The Upper Tribunal in the case of Cudjoe (Proxy marriages: burden of proof)  UKUT 180 (IAC) allowed the appeal of a non-European Economic Area (EEA) family member of an EEA national against the Home Office’s decision to refuse to grant her an EEA residence card because the couple had been married by proxy outside the EEA. The case is an interesting one as it shows the Tribunal’s willingness to ensure fairness for couples regardless of the fact that marriage was conducted by proxy. We have outlined the key facts of the case below.
The Claimant was a Ghanaian national and she was married to a Dutch national who was working in the United Kingdom. They were married by proxy in Ghana, after the Claimant’s husband’s previous marriage was dissolved. The Claimant and her husband provided documentation and a Dutch marriage expert report to show that their marriage was valid in Ghana and the Netherlands. The Home Office refused to issue the claimant with an EEA Residence card document.
The Claimant appealed to the First Tier Tribunal (FTT), and the appeal was allowed on the basis of the marriage certificate and a letter from the Ghanaian High Commission in London, that the marriage had been validly entered into according to the laws of Ghana; and having had regard to the decision in Kareem  UKUT 24 and the Dutch legislation presented to him that the marriage was valid according to the law of the Netherlands.
The Home Office then sought permission to set aside the decision. Permission was granted and the matter was reverted back to the upper tribunal to decide whether the marriage is valid for the purposes of Dutch law and as such whether she was a family member of an EEA national.
The Upper Tribunal’s Decision
The Upper Tribunal made a new decision to allow the appeal and made an order that the claimant should be granted an EEA residence document.
It found that the Claimant’s marriage was valid according to Dutch law as she was the spouse of an EEA national, she is therefore a family member of an EEA national who had been at all material times a qualified person, and thus, she was and is entitled to the issuance of a residence card under Regulation 17(1) of the Regulations.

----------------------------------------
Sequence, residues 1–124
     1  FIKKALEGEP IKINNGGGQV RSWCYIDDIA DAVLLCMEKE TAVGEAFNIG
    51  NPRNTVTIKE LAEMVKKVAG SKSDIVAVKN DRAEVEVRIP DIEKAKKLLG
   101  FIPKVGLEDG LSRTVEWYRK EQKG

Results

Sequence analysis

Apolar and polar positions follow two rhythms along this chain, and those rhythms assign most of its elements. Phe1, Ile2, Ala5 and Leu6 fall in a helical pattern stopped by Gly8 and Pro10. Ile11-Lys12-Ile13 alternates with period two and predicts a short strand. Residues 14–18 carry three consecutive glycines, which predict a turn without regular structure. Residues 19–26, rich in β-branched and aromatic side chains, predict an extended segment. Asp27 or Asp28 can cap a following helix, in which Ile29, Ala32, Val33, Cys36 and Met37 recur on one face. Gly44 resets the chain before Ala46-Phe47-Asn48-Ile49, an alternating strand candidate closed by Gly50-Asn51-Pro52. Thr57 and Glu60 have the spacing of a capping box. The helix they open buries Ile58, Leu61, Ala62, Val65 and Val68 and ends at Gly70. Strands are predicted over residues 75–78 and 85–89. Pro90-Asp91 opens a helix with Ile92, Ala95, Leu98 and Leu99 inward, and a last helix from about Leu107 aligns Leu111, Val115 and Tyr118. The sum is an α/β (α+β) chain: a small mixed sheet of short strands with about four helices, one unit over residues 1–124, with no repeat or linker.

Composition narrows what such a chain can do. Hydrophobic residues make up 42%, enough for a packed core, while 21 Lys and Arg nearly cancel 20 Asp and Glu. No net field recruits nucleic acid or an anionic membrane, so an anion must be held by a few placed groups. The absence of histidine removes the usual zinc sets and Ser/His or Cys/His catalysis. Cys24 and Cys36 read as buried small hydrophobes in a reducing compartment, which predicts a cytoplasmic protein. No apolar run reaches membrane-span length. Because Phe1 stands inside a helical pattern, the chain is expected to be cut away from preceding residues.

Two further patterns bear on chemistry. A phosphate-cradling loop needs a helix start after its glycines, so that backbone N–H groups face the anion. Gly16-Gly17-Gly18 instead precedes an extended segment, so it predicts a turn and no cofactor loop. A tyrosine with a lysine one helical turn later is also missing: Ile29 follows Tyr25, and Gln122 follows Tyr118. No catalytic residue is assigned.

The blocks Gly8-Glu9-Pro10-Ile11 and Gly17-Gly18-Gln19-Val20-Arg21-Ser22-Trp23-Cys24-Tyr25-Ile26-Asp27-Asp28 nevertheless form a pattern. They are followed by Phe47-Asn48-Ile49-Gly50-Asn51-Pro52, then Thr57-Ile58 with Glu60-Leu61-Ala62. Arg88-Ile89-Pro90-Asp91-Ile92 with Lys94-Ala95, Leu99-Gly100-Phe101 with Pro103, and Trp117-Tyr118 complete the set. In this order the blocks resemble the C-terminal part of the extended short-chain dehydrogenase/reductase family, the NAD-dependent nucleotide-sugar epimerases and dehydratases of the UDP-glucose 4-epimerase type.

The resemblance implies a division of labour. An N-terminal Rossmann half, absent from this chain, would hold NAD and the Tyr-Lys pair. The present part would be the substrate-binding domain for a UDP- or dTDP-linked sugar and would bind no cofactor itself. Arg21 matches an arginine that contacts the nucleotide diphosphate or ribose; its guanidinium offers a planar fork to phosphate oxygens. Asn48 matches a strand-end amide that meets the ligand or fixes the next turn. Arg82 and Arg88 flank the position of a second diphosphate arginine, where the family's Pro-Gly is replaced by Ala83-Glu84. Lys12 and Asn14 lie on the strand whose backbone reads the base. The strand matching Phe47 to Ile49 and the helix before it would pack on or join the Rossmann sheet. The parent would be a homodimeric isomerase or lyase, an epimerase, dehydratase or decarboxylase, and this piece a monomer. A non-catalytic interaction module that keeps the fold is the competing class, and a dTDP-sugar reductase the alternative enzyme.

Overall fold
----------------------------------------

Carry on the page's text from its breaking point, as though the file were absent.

The Upper Tribunal in its reasoning stated that in the case of an EEA national where there is a dispute about the validity of the marriage, the EEA national must prove the proxy marriage is lawful in country in which it was contracted and in the relevant EEA Member State.
It will be for an appellant to prove that their proxy marriage was in accordance with the laws of the country in which it took place, and that both parties were free to marry. The burden of proof may be discharged by production of a marriage certificate issued by a competent authority of the country in which the marriage took place, and reliance upon the statutory presumption of validity consequent to such production. The reliability of marriage certificates and issuance by a competent authority are matters for an appellant to prove.
The means of proving that a proxy marriage was contracted according to the laws of the country in which it took place is not limited to the production of a marriage certificate, as is recognised in Kareem (Proxy marriages – EU law)  UKUT 24 (IAC).
In cases where a divorce has taken place prior to the proxy marriage and there is an issue as to whether the parties were free to marry, it is for an appellant to show that the dissolution of the previous marriage was in accordance with the laws of the country in which it occurred.
EEA Immigration: Family Members of EEA nationals
Non-European family members of EEA or Swiss nationals can apply for a residence card which confirms their right of residence under European law. European law defines ‘family members’ as spouses, civil partner, the EEA nationals children or grandchildren (or the children or grandchildren of the EEA nationals husband, wife or civil partner) who are under 21 years of age or are a dependent on them and the parents or grandparents of the EEA national and their husband, wife or civil partner, if they are dependent on them.
Contact us for Successful EEA Residence Applications and Appeals
Our team of experienced and professionally qualified solicitors and barristers (regulated by the Solicitor’s Regulation Authority) will be able to guide you through the application or the appeals process step by step and limit the possibility of failure by complying with the strict letter of the law. Please always call us for a telephone consultation even if you wish to consider other advisers.
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